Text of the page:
That said, when the NPRM (Notice of Proposed Rulemaking) comes out, by law there will be a comments period, and I'm sure all of the players (companies and trade groups) will be active and will both submit comments and solicit smokers to grass-roots action submitting form postcards, etc. Having been involved in drafting industry comments on some pretty hot-button energy and environmental issues in the past, readers might be surprised how responsive the agencies can sometimes be when a clear case is made for a regulatory distinction. But so long as the big boys are shoving white owl grapes into every drugstore, the giants are giving tobacco opponents a huge brush with which to tar the whole industry. I'm just saying.

  5. Patrick M Tuesday, July 27, 2010 at 9:48 am #

    @Ethank K I get what you are saying about not wanting to pay for these marketing costs indirectly. I have 2 thoughts though. 1.) Do you want the industry to be consolidated down to just a few big name companies because the little boutique guys can’t get their name out there? and 2.) Do you from think the government should be prohibiting of a company that sells a legal product from being able to advertise?

  6. scratch Tuesday, July 27, 2010 at 10:01 am #

    @Ethan K, I really don’t believe that this will lower costs, because guess who pays for the oversight committees? The tax payers through higher taxes on the product or on some other product that more Americans use. I also have to agree, that its not totally on Obama, but he did have a chance to stop it. I am disturbed by his overwhelming trend to expand the government during his presidency. But I rather not go into those programs since it is a cigar site.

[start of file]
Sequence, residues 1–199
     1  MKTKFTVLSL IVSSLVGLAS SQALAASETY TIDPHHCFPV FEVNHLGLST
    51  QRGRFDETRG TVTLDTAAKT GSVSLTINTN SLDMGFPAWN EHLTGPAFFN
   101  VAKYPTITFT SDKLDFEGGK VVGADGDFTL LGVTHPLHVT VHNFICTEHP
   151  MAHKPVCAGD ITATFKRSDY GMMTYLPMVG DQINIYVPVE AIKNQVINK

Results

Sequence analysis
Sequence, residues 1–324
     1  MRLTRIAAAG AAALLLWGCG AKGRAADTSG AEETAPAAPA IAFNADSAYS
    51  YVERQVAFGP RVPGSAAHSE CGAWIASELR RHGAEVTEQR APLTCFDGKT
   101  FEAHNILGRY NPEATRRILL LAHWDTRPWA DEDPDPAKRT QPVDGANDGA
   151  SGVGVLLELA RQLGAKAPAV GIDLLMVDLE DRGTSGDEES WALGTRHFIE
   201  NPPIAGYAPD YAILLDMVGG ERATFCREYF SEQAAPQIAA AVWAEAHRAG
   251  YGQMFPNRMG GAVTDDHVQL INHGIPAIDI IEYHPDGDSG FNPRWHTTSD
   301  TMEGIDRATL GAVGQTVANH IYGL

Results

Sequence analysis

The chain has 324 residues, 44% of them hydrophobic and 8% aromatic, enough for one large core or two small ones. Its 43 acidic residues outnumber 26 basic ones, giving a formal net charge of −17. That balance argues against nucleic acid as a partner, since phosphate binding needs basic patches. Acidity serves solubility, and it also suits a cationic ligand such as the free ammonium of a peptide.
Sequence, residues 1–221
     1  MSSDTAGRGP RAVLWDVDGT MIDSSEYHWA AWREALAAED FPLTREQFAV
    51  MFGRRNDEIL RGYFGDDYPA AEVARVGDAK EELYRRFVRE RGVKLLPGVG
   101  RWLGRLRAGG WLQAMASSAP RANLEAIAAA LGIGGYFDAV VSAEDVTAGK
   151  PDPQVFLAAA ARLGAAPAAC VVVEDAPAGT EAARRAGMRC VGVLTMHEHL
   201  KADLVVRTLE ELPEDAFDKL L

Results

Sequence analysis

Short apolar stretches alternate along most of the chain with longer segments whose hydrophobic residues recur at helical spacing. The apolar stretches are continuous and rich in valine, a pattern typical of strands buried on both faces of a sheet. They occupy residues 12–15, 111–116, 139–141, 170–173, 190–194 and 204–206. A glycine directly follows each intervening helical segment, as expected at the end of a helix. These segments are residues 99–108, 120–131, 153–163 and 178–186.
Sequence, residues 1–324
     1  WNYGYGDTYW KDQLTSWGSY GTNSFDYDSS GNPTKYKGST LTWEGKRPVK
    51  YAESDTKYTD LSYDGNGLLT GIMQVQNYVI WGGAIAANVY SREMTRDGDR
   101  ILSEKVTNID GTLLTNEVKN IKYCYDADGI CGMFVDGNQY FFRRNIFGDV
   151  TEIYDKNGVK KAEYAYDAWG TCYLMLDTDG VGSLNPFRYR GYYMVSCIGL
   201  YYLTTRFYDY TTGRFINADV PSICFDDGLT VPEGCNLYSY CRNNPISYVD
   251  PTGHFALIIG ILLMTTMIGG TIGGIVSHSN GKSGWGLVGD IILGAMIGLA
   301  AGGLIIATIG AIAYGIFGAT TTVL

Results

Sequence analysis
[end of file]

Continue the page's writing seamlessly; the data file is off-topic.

7. Patrick M Tuesday, July 27, 2010 at 12:18 pm #

    @st – I agree whole heartedly that the cigar industry should be trying to distance itself from the things that got whacked when the FDA took over cigarette legislation (i.e.. flavored cigars etc.). Since that legislation passed I have wondered about lines like Drew Estate's Acid and Ambrosia especially with the advent of the Fat Tips. Further the clove cigarette makers just changed their banned products to come under the auspices of cigars and that doesn't bode well either.

  8. Ethan K Tuesday, July 27, 2010 at 3:15 pm #

    Patrick M et. al., Of course, no advertising of legal products seems ridiculous, as does greatly restricting where these products may be consumed yet taxing them. Moreover, we who smoke handmade premiums are suffering for concerns about machine-made cigars. Many Dutch Masters Blounts & similar cigars are used to hold marijuana; and, in some places the shell of these type of cigars are sold w/o filler. Bubblegum flavors etc. might be targeted at this market w/ the hope that such cigars will also be consumed for flavor and not just as a throwaway pipe. I say, “So what!”